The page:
Incline High School graduates 72 students (w/ photo gallery)
INCLINE VILLAGE, Nev. — Work hard, embrace your talents and value others — those are just a few lessons learned in high school.
Before embarking on life after high school, Incline High’s 72 graduates reflected and heard reflections on their secondary school years last Thursday evening before family and friends.
“When we look back at high school, will we remember calculus class, or will we remember the friendships we made?” posed valedictorian Caroline Parkhill inside a packed Incline High School. “For me, it is about the friendships.
“… As we start our new journeys at university or in our careers, we must not forget that the people we spend time with is equally as important as where you end up.”
During her speech, salutatorian Alex Resney told stories of her fellow classmates, highlighting their talents, strengths, funny quirks and character.
“I do have a point to all this,” she told the crowd, which laughed at several of her anecdotes. “What I hope you see about our class is that we are all very different, but we all care about each other, and even if we don’t know it yet, we will miss one another.”
“ … At this time, I’m supposed to give advice about our future, especially focusing on our college careers, but as I said before, I’m a 17-year-old-almost high school graduate. I don’t know much. If I’m being honest, everything I know boils down to two things: Work hard and be kind.”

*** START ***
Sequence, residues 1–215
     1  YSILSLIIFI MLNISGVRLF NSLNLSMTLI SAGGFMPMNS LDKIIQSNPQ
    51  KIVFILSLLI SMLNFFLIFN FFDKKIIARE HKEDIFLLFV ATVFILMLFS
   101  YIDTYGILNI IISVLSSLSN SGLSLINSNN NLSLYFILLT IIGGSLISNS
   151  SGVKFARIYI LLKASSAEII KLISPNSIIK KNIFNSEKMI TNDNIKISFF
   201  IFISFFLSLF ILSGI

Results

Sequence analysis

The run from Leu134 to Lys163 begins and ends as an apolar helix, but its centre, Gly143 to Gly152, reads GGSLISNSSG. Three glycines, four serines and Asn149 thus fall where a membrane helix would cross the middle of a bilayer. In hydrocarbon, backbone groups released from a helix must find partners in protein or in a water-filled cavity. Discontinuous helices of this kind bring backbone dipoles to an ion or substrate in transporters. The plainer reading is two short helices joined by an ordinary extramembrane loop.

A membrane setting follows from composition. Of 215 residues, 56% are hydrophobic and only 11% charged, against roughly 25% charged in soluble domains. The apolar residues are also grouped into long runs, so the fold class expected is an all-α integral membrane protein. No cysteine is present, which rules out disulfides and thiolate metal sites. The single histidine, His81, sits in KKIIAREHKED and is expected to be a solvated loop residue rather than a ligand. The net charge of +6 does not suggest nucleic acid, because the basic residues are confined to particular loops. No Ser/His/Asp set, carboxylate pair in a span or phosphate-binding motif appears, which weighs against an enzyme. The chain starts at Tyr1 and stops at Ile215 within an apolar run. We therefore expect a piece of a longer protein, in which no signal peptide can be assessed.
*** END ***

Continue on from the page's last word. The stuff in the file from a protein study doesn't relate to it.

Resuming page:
Parkhill, however, did offer some advice to her fellow classmates.
“Use what you are given,” she said. “Take the talent and the potential that you have and apply it to everything, and don’t wait until later; you can do it now. Show the people who said you can’t that you did, and never take ‘no’ for an answer.”
Meanwhile, the graduating class left advice for the incoming freshman by completing senior exit interviews that were conducted by Leslie Hermann, Incline’s K-12 principal.
“Here it is — the top 10 list of the graduation speech, but this one is really special because it’s your list,” she said. “You wrote it. You were the authors, and here’s the advice you would give to upcoming freshman, and by the way, in about an hour, you’ll be an upcoming freshman.”
It included recommendations to get involved, explore interests, don’t run from challenges, be organized and don’t procrastinate.
They’re lessons likely to be reiterated and expanded upon for the graduating seniors as they exit high school with diplomas in hand.
“Class of 2015, my very best wishes to you all,” Hermann said. “You are an amazing bunch.”
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